Small upgrades may be worth it. For instance, a bike rack and rain shower may run only a few hundred dollars, and will be factored into your mortgage. So those upgrades may only end up costing you pennies extra a month. Those will be worth it. Always put it into perspective and consider how much extra a month this will cost you.

 

Q: Should I buy a parking spot?

A: Yes. No. Make sense? It totally depends on the price and where the condo is located. Condos in the suburbs typically have cheaper parking spots, and more people use cars. So in this case, it usually makes sense. In the downtown core, things are a bit different and more expensive. Do you have a car? Can you rent a spot instead of buying one? Remember that a $50,000 parking spot is going to increase your monthly payments by about $200. That's a lot of money over a 25 year mortgage! People are driving less thanks to advances in public transportation and peer-to-peer transportation services like Uber. You may not need a parking spot.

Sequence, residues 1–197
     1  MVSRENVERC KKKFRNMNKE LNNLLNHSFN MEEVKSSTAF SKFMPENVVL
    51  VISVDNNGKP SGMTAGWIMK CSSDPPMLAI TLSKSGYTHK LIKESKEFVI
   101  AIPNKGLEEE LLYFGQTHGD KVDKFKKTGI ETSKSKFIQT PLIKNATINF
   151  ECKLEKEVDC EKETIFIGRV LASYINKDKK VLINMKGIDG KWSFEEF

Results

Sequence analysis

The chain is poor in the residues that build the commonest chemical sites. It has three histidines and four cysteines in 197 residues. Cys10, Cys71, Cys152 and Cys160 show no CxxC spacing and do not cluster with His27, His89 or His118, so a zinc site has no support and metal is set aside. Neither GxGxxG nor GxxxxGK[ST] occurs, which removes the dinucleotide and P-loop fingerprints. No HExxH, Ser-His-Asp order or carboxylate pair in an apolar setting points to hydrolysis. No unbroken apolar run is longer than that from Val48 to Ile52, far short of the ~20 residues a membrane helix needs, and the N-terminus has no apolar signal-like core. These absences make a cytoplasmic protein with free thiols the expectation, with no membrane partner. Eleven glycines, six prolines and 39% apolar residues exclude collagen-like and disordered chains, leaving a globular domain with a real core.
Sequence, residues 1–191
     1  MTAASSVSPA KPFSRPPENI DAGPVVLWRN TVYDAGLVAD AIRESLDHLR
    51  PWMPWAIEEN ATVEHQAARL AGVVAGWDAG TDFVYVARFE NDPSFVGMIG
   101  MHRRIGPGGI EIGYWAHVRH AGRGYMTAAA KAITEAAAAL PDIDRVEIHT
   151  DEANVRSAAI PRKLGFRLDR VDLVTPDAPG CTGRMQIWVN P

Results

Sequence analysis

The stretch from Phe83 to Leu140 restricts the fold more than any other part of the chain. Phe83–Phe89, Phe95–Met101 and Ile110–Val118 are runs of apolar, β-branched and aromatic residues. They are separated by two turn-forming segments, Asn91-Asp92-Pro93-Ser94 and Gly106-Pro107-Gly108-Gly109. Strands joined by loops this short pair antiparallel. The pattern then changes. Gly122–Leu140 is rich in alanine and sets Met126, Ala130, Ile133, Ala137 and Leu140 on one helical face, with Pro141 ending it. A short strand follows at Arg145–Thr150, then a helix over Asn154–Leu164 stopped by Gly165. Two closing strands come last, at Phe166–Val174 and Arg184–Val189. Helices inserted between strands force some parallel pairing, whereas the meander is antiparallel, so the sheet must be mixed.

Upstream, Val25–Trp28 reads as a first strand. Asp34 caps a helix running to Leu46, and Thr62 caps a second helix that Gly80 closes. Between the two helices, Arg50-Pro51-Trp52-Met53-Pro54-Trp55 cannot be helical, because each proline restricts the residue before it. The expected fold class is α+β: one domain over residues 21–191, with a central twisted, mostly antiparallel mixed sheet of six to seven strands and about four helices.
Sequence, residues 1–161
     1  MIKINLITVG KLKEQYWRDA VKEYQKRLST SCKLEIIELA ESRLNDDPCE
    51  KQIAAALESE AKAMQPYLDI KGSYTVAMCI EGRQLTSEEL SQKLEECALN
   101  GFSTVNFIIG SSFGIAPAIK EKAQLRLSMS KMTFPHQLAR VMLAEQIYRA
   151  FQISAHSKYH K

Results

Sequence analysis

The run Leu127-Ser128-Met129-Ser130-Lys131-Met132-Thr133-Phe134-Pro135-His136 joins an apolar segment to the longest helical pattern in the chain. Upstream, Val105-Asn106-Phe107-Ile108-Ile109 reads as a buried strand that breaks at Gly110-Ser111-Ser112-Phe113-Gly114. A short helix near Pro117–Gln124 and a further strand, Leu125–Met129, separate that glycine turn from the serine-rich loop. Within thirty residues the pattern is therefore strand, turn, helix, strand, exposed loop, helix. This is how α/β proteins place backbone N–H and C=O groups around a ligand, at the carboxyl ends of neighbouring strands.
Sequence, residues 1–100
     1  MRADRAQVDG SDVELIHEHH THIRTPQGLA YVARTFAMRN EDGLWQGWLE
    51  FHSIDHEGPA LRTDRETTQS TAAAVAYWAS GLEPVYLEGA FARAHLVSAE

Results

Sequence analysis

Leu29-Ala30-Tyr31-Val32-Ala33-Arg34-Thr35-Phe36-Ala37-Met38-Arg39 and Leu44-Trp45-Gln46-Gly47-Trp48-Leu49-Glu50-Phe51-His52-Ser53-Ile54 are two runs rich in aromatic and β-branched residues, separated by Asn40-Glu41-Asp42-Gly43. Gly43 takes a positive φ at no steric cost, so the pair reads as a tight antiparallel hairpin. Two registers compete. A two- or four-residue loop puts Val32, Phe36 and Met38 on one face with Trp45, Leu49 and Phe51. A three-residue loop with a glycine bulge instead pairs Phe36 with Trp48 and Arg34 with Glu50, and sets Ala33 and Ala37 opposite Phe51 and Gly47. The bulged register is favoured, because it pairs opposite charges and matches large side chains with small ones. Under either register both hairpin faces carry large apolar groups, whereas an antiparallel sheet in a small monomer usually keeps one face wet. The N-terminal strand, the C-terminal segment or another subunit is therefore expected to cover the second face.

Q: What are reasonable condo fees?

A: In general, condo fees are a good thing because they ensure your building runs efficiently. Condo fees can range anywhere from $0.30 per square foot to $1.00, depending on the age of the building, its amenities, and the management company. In the U.S., average condo fees are about $200 a month. You should expect to pay anywhere from $100 a month to $300 depending on your unit size. Anything over $300, for a new build, seems excessive. And remember, condo fees will only go up over time. 

 

Q: Is a condo mortgage different than a single-family home?